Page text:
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Monday, July 25, 2016

Last Week of Summer Reading and Boredom Busters

Can you believe July is almost over? The last day to turn in your Summer Reading Log is THIS SUNDAY, JULY 31. Prize winners will be notified the first week of August.
 Did you know that more than 500 kids have signed up for Summer Reading? If everyone completes their Summer Reading, Roselle's kids will have read 360,000 minutes this summer. That's amazing!

Coming in August we will have two weeks of Grandparents Got Game, on Wednesday, August 3 and Wednesday, August 10. Bring your grandparent or grandfriend to the library for an afternoon of games, crafts, and snacks!

Looking to wrap us your summer with something fun? Here's an ABC of activities for August!

A: Airplanes! Make paper airplanes and see which style flies the farthest.
B: Blow Bubbles!
C: Camp Indoors!
D: Donate Food (or other supplies) to an Animal Shelter
E: Explore a New Park
F: Fly a Kite
G: Go to a Farmer's Market
H: Hide and Seek--play a giant game of hide-and-seek with friends
I: Ice Cream--have ice cream from somewhere new
J: Journal--make a journal
K: Play Kickball
L: Visit the Library
M: Check out a Museum Pass
N: Go on a Nature Walk
O: Watch a Movie Outdoors
P: Picnic in the Park
Q: Make a Fort with Quilts
R: Have a Relay Race
S: Make S'mores
T: Taste of Roselle on August 6, 7, or 8 and stop by the Roselle Public Library booth for a chance to win prizes.
U: Unplug for a day--No TV, Computer, Tablet, or Cell Phones)
V: Visit a Relative or Neighbor
W: Eat Watermelon
X: Play Tic-Tac-Toe
Y: Play with a Yo-yo
Z: Go to the Zoo

Have a great last week of July and remember to TURN IN THOSE SUMMER READING LOGS!






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Sunday, July 17, 2016

Cold Blooded Creatures

There is a buzz in the air around here.  Next week the library is being visited by reptiles.  That's right, live cold-blooded reptiles.  It's all very exciting.  Lucky for us, Jim Nesci, an experienced reptile handler and educator, will be handling and teaching us about reptiles.  I thought you might like to learn a little bit about the reptiles who may make an appearance at the library.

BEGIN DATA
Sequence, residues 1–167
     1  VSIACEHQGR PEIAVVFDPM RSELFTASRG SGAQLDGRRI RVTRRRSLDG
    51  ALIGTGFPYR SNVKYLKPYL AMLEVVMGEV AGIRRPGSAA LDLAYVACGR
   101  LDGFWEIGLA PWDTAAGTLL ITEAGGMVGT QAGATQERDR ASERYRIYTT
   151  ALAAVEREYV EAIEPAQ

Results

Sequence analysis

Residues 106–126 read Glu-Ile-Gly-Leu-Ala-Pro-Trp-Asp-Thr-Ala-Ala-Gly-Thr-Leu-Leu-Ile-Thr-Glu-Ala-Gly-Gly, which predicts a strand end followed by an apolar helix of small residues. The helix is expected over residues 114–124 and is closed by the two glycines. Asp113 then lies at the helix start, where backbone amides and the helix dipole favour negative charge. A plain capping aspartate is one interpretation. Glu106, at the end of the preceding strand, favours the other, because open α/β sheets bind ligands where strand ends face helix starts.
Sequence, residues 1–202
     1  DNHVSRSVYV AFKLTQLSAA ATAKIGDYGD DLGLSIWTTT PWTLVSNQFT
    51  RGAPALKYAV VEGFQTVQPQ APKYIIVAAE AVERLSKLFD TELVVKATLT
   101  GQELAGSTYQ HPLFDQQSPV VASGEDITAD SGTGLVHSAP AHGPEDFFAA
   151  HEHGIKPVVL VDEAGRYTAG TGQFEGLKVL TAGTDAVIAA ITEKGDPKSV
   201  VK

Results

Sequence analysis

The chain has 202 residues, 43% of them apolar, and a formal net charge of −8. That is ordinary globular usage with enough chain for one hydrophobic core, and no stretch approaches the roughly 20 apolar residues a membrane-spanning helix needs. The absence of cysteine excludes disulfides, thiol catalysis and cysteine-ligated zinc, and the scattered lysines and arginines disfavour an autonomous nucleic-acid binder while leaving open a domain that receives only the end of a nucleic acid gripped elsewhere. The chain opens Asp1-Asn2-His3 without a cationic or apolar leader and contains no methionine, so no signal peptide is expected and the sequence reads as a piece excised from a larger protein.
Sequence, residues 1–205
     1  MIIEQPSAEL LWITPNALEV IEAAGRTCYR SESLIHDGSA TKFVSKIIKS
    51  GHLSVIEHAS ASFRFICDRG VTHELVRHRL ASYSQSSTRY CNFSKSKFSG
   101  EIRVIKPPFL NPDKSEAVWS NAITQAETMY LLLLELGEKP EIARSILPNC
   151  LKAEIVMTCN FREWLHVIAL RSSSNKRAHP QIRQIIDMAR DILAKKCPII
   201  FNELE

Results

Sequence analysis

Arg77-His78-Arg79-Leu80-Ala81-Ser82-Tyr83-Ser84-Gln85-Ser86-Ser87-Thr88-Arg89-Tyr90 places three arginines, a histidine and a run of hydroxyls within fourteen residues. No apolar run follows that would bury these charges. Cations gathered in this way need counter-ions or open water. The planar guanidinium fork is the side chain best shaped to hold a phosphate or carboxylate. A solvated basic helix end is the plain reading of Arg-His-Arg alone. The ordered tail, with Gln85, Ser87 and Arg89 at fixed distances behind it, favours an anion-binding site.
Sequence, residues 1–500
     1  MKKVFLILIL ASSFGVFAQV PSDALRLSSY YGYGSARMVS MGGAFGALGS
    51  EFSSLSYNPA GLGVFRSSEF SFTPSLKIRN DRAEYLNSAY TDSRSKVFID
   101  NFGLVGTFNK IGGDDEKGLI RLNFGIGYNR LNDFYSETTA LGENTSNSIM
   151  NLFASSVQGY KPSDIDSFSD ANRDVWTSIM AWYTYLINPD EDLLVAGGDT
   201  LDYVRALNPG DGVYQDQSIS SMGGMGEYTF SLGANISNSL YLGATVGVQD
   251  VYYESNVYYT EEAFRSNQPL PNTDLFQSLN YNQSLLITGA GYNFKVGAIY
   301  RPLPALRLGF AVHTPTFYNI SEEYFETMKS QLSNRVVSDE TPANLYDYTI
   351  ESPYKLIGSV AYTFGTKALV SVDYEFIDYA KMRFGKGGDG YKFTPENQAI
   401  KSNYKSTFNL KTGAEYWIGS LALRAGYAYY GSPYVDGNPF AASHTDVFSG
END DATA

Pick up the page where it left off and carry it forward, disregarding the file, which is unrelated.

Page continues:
Snakes are always popular reptiles.  Personally, I am very apprehensive around these creatures.  Jim has an Albino Burmese Python that he brings to his shows.  These snakes are native to Southeast Asian jungles and grassy marshes and are among the largest snakes on Earth as they are capable of reaching 23 feet in length and may weigh up to 200 pounds.  They also are excellent swimmers and can stay under water for up to 30 minutes.

The Aldabra Giant Tortoise is one of the largest tortoises in the world.  A male can be 48 inches in length and weigh up to 200 pounds.  That's one large reptile!  The giant tortoise is mainly a herbivore, which means its diet consists of grasses, leaves and woody plant stems.  In the tortoises' natural habitat, there is very little fresh water so they obtain most of their moisture from their food.  These giants can live up to 200 years!  Now that's a lifetime.

One of the most famous reptiles is the alligator and Jim Nesci has
one named Bubba.  I did not realize that alligators are native only to the United States and China.  I also learned that Louisiana has the largest alligator population as reported by the 2005 Scholastic Book of World Records.  I would have thought Florida had the biggest population but I guess the Gator Boys were in Louisiana rescuing gators a few years ago so it makes sense. The average alligator reaches the length of 13.1 feet and weighs 790 pounds.  Lucky for us, Bubba is 8 feet and over 200 pounds (but that's still not a small alligator in my books!)  While I never personally want to meet up with an alligator in the wild, I still find them intriguing and enjoy learning about them.

Hopefully you'll be fortunate enough to meet these cold-blooded visitors but if not, the library has some great books and DVDs available so that you can learn more about these amazing (if somewhat intimidating - my opinion only) creatures!

Reptile books
Jim Nesci






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Monday, July 11, 2016

We ALL Scream for Ice Cream on July 16th

Just about everyone I know loves ice cream.  You don't have to ask me twice if I want any.  Mint Chocolate Chip is my favorite flavor.  So lucky for you the Roselle Public Library is having an Ice Cream Social this Saturday, July 16.  While the ice cream we serve probably will be vanilla, we'll have some great toppings to add to it.  I am getting such a taste for ice cream right now.

Ice cream has been a favorite of our United States Presidents as well.  During the summer of 1790, a merchant from New York kept records of President George Washington spending $200 for ice cream.  That was a pretty pricy treat back in those days.  After Washington's death, inventory records of Mount Vernon revealed "two pewter ice cream pots."  Now there was a man with a sweet tooth!  I wonder if that's why he had wooden teeth?


President Thomas Jefferson had a favorite 18-step recipe for a dessert that resembled a modern-day Baked Alaska.  Want to try his recipe?  Check it out here.  If you do try it, I'd love a sample!


Even in 1813, the wife of President James Madison, Dolley, served a magnificent strawberry ice cream creation at his second inaugural banquet at the White House.